The art of note taking with mobile devices in medical education

Show simple item record Pyörälä, Eeva Mäenpää, Saana Heinonen, Leo Folger, Daniel Masalin, Teemu Hervonen, Heikki 2019-04-23T10:01:02Z 2019-04-23T10:01:02Z 2019-04-02
dc.identifier.citation Pyörälä , E , Mäenpää , S , Heinonen , L , Folger , D , Masalin , T & Hervonen , H 2019 , ' The art of note taking with mobile devices in medical education ' , BMC Medical Education , vol. 19 , 96 .
dc.identifier.other PURE: 124057365
dc.identifier.other PURE UUID: 4d2978a3-b0e6-4577-b943-80b8215381d6
dc.identifier.other WOS: 000463672200002
dc.identifier.other Scopus: 85063805667
dc.identifier.other ORCID: /0000-0002-2474-2434/work/56835258
dc.identifier.other ORCID: /0000-0001-6114-7960/work/67135286
dc.description.abstract BackgroundStudents use mobile devices extensively in their everyday life, and the new technology is adopted in study usage. Since 2013, the University of Helsinki has given new medical and dental students iPads for study use. Simultaneously, an action research project on mobile learning started focusing on these students' mobile device usage throughout their study years. Note taking is crucial in academic studies, but the research evidence in this area is scarce. The aims of this study were to explore medical and dental students' self-reported study uses of mobile devices and their best practices of mobile note taking.MethodAn action research project began in 2013 and followed the first student cohort (124 medical and 52 dental students) with iPads from the first until the fifth study year. We explored students' descriptions of their most important study uses of mobile devices and their perceptions of note taking with iPads. The longitudinal data were collected with online questionnaires over the years. The answers to open-ended questions were examined using qualitative content analysis. The findings were triangulated with another question on note taking and focus-group interviews.ResultsThe response rates varied between 73 and 95%. Note taking was the most frequently and consistently reported study use of iPads during the study years. While taking notes, students processed the new information in an accomplished way and personalised the digital learning materials by making comments, underlining, marking images and drawing. The visual nature of their learning materials stimulated learning. Students organised the notes for retention in their personalised digital library. In the clinical studies, medical students faced the teachers' resistance and ambivalence to mobile device usage. This hindered the full-scale benefit of the novel technology in the clinical context.ConclusionsEfficient digital note taking practices were pivotal to students in becoming mobile learners. Having all their notes and learning materials organised in their personal digital libraries enabled the students to retrieve them anywhere, anytime, both when studying for examinations and treating patients in the clinical practice. The challenges the medical students met using mobile devices in the clinical setting require further studies. en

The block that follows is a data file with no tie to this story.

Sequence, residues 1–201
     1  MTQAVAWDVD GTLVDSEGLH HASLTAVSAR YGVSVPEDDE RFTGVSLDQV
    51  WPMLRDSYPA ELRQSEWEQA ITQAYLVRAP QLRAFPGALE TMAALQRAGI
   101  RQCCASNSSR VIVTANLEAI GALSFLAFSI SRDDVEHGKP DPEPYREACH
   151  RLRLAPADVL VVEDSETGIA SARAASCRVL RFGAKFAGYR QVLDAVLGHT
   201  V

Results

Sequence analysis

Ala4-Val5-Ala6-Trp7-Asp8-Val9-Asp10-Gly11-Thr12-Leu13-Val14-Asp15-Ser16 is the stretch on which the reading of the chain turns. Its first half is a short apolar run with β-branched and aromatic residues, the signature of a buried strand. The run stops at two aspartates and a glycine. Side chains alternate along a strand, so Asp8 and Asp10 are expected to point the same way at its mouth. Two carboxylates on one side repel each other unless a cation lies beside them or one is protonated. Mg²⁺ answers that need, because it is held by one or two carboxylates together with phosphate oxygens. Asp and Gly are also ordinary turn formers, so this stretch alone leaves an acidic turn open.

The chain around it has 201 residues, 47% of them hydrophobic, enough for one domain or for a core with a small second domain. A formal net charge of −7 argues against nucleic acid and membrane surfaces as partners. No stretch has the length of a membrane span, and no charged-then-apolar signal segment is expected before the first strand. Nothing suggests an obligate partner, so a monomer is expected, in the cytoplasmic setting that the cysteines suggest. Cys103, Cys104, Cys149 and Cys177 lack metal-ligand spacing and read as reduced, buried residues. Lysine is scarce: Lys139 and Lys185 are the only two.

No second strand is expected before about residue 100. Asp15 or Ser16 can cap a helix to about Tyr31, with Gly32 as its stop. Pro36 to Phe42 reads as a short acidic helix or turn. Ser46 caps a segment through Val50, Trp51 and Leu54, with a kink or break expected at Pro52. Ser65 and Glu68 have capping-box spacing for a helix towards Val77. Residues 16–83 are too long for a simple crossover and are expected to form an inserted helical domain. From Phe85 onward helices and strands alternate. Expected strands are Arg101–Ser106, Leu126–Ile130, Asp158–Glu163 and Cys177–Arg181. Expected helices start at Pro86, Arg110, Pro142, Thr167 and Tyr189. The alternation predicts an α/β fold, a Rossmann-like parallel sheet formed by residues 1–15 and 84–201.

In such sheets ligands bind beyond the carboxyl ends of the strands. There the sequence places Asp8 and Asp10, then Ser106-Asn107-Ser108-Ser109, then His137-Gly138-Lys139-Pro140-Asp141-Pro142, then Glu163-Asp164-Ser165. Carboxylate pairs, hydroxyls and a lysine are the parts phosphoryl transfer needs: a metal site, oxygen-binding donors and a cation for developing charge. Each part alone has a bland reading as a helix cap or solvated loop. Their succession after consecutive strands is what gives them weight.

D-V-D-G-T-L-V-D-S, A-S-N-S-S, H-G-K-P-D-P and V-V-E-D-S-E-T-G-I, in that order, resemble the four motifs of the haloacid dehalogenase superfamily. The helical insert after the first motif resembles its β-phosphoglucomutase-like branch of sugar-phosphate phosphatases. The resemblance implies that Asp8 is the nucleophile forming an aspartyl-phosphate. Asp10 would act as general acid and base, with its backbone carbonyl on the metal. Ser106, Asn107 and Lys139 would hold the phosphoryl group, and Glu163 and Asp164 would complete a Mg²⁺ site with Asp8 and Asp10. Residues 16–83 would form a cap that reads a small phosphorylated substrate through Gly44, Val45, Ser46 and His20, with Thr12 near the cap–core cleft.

dc.format.extent 10
dc.language.iso eng
dc.relation.ispartof BMC Medical Education
dc.rights cc_by
dc.rights.uri info:eu-repo/semantics/openAccess
dc.subject Note taking
dc.subject Mobile learning
dc.subject Digitality
dc.subject Annotation
dc.subject Medical and dental students
dc.subject NOTE-TAKING
dc.subject TECHNOLOGY
dc.subject CURRICULUM
dc.subject LEARNERS
dc.subject 516 Educational sciences
dc.title The art of note taking with mobile devices in medical education en
dc.type Article
dc.contributor.organization Department of Education
dc.contributor.organization Life Science Education
dc.contributor.organization The Centre for University Teaching and Learning (HYPE)
dc.contributor.organization University Management
dc.contributor.organization Director and Common Matters
dc.contributor.organization Clinicum
dc.contributor.organization Centre for Information Technology
dc.contributor.organization Common Matters
dc.contributor.organization Medicum
dc.contributor.organization Department of Anatomy
dc.contributor.organization HUS Perioperative, Intensive Care and Pain Medicine
dc.contributor.organization Teachers' Academy
dc.description.reviewstatus Peer reviewed
dc.relation.issn 1472-6920
dc.rights.accesslevel openAccess
dc.type.version publishedVersion

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